And The Single Life
by M.K. Allison
January 2, 2018
I was exhausted. My friend and I had been debating the same issue over and over again and I was worn out. I was a new convert to Christianity and had made the decision to no longer have sex with my boyfriend of two years. She had been in the church for the past five years, singing, tithing and philosophizing on her take of the Bible. But on this night, she was adamant in her position that sex between two single adults was divinely sanctioned if they were soul-mates or in love as she put it.
The interesting thing, was when I began conducting an informal poll among fellow Christians, (who of course did not attend my church) I was amazed at how many agreed with her position. Some called it an old time edict meant for the Christians of that day. Others stated that as long as sex was not committed irresponsibly or promiscuously, it was not against the law.
A close friend who is a deacon in his church explained that sex among singles is not a subject often discussed in church, because it may be viewed as politically incorrect to address it. According to him, condemnation is no longer in style. Although most single parishioners, who are sexually active, know it’s morally wrong, some ministers may skirt the issue so as not to alienate those church members. I found other Christians who agreed with him.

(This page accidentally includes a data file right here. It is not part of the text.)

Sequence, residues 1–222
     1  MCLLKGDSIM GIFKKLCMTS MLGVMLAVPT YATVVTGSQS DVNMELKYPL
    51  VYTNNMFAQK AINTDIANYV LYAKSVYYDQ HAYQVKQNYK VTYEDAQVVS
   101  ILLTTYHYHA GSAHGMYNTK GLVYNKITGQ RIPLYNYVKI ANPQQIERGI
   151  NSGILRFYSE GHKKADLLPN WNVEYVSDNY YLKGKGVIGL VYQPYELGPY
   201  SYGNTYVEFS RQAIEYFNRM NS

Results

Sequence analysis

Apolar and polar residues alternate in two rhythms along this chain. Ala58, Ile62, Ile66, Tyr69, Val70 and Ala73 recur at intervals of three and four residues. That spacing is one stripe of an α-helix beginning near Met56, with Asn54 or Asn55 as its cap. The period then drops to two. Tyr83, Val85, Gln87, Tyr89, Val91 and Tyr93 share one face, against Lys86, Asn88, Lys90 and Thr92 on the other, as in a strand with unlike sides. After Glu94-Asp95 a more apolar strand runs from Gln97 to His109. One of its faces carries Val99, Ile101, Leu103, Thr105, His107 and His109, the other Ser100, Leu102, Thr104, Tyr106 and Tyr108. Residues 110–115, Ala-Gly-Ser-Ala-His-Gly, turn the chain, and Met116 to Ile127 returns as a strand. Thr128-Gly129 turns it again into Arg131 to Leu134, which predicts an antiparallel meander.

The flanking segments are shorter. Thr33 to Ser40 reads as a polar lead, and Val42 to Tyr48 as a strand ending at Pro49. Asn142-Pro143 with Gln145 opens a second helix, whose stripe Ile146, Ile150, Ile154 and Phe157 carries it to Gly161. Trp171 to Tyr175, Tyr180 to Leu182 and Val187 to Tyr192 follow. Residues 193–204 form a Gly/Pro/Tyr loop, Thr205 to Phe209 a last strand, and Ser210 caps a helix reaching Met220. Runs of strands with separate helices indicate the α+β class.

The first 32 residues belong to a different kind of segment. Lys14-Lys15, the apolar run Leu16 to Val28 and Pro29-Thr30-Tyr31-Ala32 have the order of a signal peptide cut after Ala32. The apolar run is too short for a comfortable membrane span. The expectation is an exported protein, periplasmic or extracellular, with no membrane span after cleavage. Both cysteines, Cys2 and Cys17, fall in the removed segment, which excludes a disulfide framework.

Astoundingly, as I sought more opinions on the subject, I encountered a prominent minister (with a huge congregation) who stated emphatically in the tone of a scholar, that sex between two single people who loved one another was permissible if they were monogamous and devoted to one another. He referred me to the Song of Solomon in the Bible as proof of his assertion. But I was unable to see what he saw and he asked me not to use his name in this article.
Oddly enough, the cause of the original debate was that my friend Angie* thought I shouldn’t risk ending a two year relationship with someone I really cared about over a newfound principle, that in her opinion had uncertain merit. However, because I was certain that sex without marriage was no longer an option for me, because it was against God’s law, I felt compelled to change my lifestyle.
Angie had been a Christian for a long time, and apparently had started off on the right foot as it related to the moral principles. However, apparently, she began to doubt the new position when she discovered a great deal of philosophical opposition, especially on the sex question. In her words, she started to lose ground with men, who chose to date women who were sexually free.
I finally won the argument with her, when I reluctantly pointed out that rescinding her original position, because of her confusion on the validity of the Law, had not brought her gain, because she was still alone and going through heartache with men on a regular basis.
Ironically, when I finally told my boyfriend that our relationship could no longer exist as it had in the past, because of my new commitment to Christian principles, he said he understood and would honor my position. He also began, a never before discussion on us getting married and spending the rest of our lives together. He explained that, though he was not a Christian, he had known all along that sex without the benefit of marriage was morally wrong because of his upbringing. But he didn’t know how to stop, didn’t want to stop and until now, had not felt compelled to stop. What do you say?